Meteorological products based on WV absorption bands such as the Total Precipitable Water product will be introduced and their usefulness will be demonstrated on case examples.
Ralph Petersen (University of Wisconsin) talks about forecasting satellite-derived moisture using all available observation data on moisture and Lagrangian methods to give forecasters more information on the possibility of storm formation.
The CIMSS Lagrangian NearCasts system 1) expands the utility of clear-air sounding and products related to the pre-convective environment (from MTG-IRS Sounder and MTG-Imager) into the 1-9 hours period before storm formation and 2) now combines Geostationary Infrared Products with less frequent microwave products from multiple Polar Orbiting systems to fill information gaps in cloudy areas. For a heavy precipitation event, quantitative measures of both retrieval and short-range forecast accuracy are provided, including a new, non-uniform bias correction approach, and explorations of predictive clear-sky RGBs.
Including “all-weather”, real-time MiRS retrievals not only provide a more visually pleasing product (improving coverage by 30-40%), but also exposes forecasters to here-to-fore underutilized POES observations over land.
Validation against hourly surface-based GPS-TPW observations testify to the ability of the Satellite-based products to capture observed small-scale moisture features properly. Results show error growth rates < 1%/hour (without initial shocks) and support applying non-uniform bias corrections derived over 5mm bands to assure realistic TPW distributions.
Because RGB presentations are more popular than quantitative retrieval product displays the parcel-based Lagrangian NearCast approach was also used to “predict” clear-air RGBs based on the projection of radiance, with quantitative values overlaid. Examples of initial tests will be shown.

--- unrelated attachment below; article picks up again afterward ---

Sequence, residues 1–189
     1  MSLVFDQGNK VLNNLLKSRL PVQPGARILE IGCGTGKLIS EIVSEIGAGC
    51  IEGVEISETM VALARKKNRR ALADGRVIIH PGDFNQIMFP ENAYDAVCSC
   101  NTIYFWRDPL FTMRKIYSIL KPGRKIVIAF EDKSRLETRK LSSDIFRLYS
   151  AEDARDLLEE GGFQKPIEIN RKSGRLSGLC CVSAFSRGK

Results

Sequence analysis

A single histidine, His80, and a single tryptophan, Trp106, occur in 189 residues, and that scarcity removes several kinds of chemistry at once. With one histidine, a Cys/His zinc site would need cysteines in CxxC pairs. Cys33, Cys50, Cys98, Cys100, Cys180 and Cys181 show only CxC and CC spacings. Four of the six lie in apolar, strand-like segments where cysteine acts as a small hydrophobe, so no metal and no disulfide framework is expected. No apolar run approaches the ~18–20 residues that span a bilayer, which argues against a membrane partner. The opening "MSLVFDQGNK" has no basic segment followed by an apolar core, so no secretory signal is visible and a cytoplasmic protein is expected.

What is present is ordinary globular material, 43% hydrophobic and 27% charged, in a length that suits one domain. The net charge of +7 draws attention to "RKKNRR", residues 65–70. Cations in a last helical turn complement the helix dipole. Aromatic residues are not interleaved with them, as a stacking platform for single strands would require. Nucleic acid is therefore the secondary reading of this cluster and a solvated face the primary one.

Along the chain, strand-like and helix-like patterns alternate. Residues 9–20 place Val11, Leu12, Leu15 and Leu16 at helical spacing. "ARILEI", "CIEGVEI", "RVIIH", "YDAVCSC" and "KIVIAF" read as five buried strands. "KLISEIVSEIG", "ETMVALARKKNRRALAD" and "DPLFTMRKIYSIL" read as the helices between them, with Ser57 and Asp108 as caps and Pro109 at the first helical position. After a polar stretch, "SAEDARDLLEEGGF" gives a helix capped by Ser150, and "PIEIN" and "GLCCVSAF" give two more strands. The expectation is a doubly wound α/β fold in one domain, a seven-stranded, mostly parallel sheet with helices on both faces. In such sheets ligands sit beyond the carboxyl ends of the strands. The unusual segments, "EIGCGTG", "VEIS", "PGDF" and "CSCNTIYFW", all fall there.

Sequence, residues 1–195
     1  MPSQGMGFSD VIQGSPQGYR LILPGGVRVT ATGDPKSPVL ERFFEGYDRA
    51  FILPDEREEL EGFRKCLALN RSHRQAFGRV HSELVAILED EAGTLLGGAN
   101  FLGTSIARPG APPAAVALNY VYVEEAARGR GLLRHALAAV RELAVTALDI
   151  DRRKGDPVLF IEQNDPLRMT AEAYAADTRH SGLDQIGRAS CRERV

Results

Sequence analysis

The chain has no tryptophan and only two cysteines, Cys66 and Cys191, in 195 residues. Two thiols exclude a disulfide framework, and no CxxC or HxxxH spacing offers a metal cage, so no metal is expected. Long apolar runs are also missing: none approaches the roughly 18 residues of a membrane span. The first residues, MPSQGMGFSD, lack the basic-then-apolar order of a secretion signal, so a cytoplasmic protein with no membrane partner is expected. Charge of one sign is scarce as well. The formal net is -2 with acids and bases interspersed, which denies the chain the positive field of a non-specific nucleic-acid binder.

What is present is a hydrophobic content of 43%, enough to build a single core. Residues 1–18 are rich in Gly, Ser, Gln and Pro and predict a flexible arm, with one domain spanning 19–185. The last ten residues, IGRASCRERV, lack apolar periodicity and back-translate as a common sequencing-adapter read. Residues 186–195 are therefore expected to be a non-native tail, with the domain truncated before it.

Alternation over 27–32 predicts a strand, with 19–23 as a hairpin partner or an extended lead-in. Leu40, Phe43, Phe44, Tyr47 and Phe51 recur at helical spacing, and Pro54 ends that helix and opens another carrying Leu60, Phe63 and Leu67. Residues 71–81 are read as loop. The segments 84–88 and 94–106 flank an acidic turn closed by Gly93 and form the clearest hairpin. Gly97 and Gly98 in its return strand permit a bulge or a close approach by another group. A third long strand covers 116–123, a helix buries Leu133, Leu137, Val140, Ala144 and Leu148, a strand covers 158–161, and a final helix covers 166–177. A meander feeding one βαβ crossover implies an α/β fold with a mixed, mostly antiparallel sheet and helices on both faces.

Christo Georgiev (NIMH) presents influence of synoptic and mesoscale dynamical process, through water vapour imagery, on the intensification of wildfires.
Studies of large fires in Australia, Tasmania, USA and Southeastern Europe have shown a link between fire activity and dry stratospheric intrusions with downward transport of energy and momentum down to the lower troposphere. In such cases the rapid increase of fire activity was accompanied by a dry band in satellite Water Vapour (WV) imagery, which is indicative of pronounced descent of upper-tropospheric or stratospheric air which is normally much dryer than the lower tropospheric one and has much higher potential vorticity. When these descending air masses, reach the Earth’s surface they affect the wind speed, moisture and ozone concentration, which could generate a spike in fire activity.
Case-study examples of such severe events over areas of Central and Eastern Mediterranean are considered in the presentation. Combination of WV imagery, satellite soundings and satellite estimations of fire radiative energy contribute to better understanding of dry stratospheric intrusion depth and related dynamical processes, which govern the intensification of wildfire occurrence and spread.